For starters, I would say that you cannot comprehend this book unless you are prepared to leave the country of your birth (if you’re American) at the door, and step into a completely different one. There has been a dramatic dearth of novels documenting what the Southeast Asian (Vietnamese, Thai, Laotion, Cambodian) experience of what Americans call the Vietnam War. Even Graham Greene’s novel The Quiet American, though it looks at Vietnam (during the French occupation) through a more complex lens, focuses on the Western perspective. The Sympathizer (the title is at the least a double entendre, and arguably a triple entendre) offers an unparalleled window into the mind and soul of a Vietnamese man who is not so much immoral, or amoral, as he is a person living in a world (one created by the dictates of American foreign policy) in which the words morality, amorality, immorality have NO relevance, and where simple survival of self and family has become the primary goal. The refugee families that my wife and I became friends with (and maintain relationships with today) described the world so deftly painted in The Sympathizer over and over. When a superpower intervenes in the affairs of a substantially less powerful nation by applying almost unlimited funds and military might, the scenario in this book plays out regardless of geography or century. Both the biography of T.E. Lawrence, and the more recent book Lawrence IN Arabia, give a similar view into a culture foreign to the West, and portrary the similarly devastating effects on the ethical options of the inhabitants of the affected Middle East.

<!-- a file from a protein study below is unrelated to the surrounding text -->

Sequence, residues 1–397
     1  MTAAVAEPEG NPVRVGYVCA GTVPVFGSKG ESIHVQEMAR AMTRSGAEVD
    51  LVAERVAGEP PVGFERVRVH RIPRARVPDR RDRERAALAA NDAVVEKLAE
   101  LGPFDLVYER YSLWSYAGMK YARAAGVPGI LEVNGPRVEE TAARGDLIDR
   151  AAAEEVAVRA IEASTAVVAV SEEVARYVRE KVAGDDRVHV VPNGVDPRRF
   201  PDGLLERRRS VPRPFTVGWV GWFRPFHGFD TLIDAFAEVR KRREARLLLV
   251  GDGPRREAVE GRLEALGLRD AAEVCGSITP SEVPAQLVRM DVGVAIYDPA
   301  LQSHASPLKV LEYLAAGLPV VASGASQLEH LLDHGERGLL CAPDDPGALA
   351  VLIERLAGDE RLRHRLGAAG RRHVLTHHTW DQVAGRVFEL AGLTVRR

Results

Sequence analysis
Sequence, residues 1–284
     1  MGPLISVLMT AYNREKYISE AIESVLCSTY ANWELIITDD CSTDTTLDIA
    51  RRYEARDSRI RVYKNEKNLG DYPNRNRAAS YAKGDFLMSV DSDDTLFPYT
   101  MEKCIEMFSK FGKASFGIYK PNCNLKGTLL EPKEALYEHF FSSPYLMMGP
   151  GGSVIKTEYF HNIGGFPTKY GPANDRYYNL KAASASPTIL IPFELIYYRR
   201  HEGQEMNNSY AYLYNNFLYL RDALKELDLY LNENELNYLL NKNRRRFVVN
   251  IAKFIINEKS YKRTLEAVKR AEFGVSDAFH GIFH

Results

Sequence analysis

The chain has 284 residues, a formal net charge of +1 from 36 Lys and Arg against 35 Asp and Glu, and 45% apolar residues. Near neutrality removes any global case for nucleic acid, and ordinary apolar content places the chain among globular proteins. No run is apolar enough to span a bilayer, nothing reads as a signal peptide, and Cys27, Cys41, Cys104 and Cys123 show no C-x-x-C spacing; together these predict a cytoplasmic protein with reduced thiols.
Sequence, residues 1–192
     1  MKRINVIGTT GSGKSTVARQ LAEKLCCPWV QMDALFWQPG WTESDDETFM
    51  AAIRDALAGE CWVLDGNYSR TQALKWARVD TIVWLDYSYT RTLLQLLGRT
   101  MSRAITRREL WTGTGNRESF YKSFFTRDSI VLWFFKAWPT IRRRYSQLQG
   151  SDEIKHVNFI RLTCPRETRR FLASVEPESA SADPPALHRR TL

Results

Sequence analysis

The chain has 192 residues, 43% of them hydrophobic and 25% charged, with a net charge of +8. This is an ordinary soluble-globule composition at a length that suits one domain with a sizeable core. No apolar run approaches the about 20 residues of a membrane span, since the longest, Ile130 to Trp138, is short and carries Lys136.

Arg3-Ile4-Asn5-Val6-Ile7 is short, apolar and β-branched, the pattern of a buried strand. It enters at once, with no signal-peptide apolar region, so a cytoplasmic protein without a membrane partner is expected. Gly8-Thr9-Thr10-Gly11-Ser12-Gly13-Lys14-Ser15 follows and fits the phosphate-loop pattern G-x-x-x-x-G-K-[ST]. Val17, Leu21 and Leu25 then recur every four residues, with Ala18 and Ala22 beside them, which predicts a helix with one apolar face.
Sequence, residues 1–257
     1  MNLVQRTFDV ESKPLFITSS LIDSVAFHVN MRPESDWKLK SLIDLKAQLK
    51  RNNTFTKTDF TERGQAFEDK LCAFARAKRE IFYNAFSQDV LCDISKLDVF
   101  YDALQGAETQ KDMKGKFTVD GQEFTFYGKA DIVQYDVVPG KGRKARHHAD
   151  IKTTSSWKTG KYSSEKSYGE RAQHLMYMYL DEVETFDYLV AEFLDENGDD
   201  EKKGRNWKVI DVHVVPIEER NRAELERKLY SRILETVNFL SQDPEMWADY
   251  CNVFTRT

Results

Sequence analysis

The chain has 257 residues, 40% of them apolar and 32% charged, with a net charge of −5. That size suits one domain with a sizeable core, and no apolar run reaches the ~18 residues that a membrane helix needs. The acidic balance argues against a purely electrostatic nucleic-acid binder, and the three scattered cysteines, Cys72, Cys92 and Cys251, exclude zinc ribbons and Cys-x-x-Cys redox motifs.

There is a REASON that this book won the Pulitzer Prize, and it is related to the accuracy both of the history described, and the exquisitely portrayed dilemmas that intelligent, educated, principled Vietnamese found themselves immersed in as a superpower’s political goals steamrolled over a culture far older, and far deeper, than our own relatively brief American ascent.

    It is very difficult to step out of one’s own culture, and the particular version of history that has been reinforced by that culture. Anthropologists call this ethnocentrism. The Sympathizer is an open invitation to cast it aside by attempting to step inside the main character’s point of view.

    Andrea, and Dr. Atul, characterize the book as depressing. Depressing, well…..the 58,000 American deaths in the Vietnam War were absolutely dwarfed by the 3.3 MILLION Vietnamese deaths (including North and South civilian and soldier deaths). A time period in which the leaders of South Vietnam were installed by, and then assassinated by, CIA implemented U.S. policy. An era in which the collapse of the war led to the Killing Fields of Cambodia (over a million deaths) and the genocidal efforts in Laos to exterminate the Hmong (estimates of several hundred thousand deaths). The Sympathizer is an exquisitely researched story (hence the Pulitzer Prize) that documents the true cost of a dominant culture (in this case, the U.S.) imposing its political will on a less developed nation. It’s a story that the U.S. has reprised in Chile, Argentina, Nicaragua, and most recently, the disastrous interventions in Iran, Afghanistan and Iraq. The author brings to life, in my opinion with extraordinarily vivid vision, the cultural and individual tragedy that results from geopolitical adventuring based on the notion that OUR culture/system is superior to another’s. Depressing? You goddam betcha. Which is what makes it one of the finest anti-war, anti-imperialism books written in decades.

    1. Andrea Sigetich Post author

      I respect and love your educated view of this book, Dan. Thank you for your comments, and I hope my readers take them to heart. This is an important book … regardless of one’s current ability to consume its message. My ability right now is thwarted .. to the extent that I found this novel unbelievable. Dan’s comments help me to see the blinders I had on while reading The Sympathizer. This is EXACTLY why we all continue to read, take to heart, assess, articulate, and comment. Others’ views?